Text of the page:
Forms have also had a significant make-over with dozens of improvements, some small and some very significant, that improve productivity and ease-of-use.  An example form is below.  We'll save a detailed discussion for now - because we will be talking all about the forms in an upcoming blog.

Visual Hierarchies

New in CRM 2015 is a visual hierarchy view.  This allows you to view the parent/child relationship between virtually any records.  You can interact with these views to open sub-records, share records, view important information or to show the social view of a record.  For organizations that have to manage complex relationships with large businesses, this new way to visualize the relationship will be a boon.


Global Search Bar

At long last - Microsoft is including a single search bar in CRM that enables users to search all of CRM from one place.  You can search your accounts, contacts, leads, emails, opportunities - at once.  And without having to navigate to a separate area to do it - it's built into the navigation bar that appears no matter where you are in CRM 2015.  It is hard to appreciate what a time-saver this feature is until you use it for a while.   


Dashboard Updates

Dashboards have also had a make-over in CRM 2015.  The following features have been added or updated since CRM 2011.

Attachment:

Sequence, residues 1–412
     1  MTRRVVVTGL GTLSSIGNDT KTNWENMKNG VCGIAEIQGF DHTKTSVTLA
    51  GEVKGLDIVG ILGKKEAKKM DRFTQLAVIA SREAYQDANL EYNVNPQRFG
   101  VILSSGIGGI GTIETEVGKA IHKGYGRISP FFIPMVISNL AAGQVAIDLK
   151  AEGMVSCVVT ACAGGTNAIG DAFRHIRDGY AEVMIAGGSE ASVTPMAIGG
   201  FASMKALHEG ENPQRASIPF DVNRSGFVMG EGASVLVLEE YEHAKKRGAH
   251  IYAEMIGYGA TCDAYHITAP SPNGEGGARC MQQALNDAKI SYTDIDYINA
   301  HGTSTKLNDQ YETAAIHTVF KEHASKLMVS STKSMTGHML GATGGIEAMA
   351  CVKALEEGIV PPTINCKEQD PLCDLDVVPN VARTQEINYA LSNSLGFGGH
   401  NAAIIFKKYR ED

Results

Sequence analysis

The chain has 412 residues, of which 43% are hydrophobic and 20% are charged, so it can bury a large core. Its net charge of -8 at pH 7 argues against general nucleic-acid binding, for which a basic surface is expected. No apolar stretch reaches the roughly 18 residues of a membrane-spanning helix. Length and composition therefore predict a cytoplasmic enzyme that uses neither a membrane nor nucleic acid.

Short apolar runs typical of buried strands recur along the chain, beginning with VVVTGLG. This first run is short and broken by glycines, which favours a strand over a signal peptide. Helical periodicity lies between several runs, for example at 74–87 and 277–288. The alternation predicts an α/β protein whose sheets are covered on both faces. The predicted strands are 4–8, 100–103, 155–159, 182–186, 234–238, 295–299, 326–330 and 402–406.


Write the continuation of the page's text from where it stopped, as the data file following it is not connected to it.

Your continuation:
• Each area of CRM has its own dashboard group.  So, for example, dashboards appear under Sales, Service, Marketing and any other groups you establish.  And the default dashboard can be different in each of these areas.

  • Dashboards can be based on security role.  Although this is a subtle addition, it means that you can make dashboards visible only to the users that they are relevant to.  Businesses with hundreds or thousands of CRM users can quickly develop dozens of dashboards - making it confusing for a user to find the dashboard that they need.  The security roles improve this significantly.

  • Dashboards can now "drill into" fields from a parent entity.  For example, an opportunity dashboard can include the industry field from the account entity.  There are a few tricks to setting this up, but it can be a real time saver for analyzing CRM data.

    When displaying lists (or grids) in dashboards, the ability to add/delete records and to "zoom into" the full list view has been vastly improved.

Lead Conversion Process

If you are using leads in CRM 2011, then you are probably painfully aware of the pop-up process for converting a lead into an account, contact, and/or opportunity.  This process has received a significant make-over in CRM 2013.  There are some pros and cons to the new approach - but you can work around most of the cons.

To summarize the new process, you are now able to:
  • Create and track leads when an account and/or contact already exist.

  • Selectively create an account, contact or opportunity with much greater flexibility than you could in CRM 2011 or earlier.

  • Seamlessly flow the user onto the opportunity form without having multiple forms pop-up during the conversion process.

What's Next?

Stay tuned for next week when the discussion will be "All About Forms."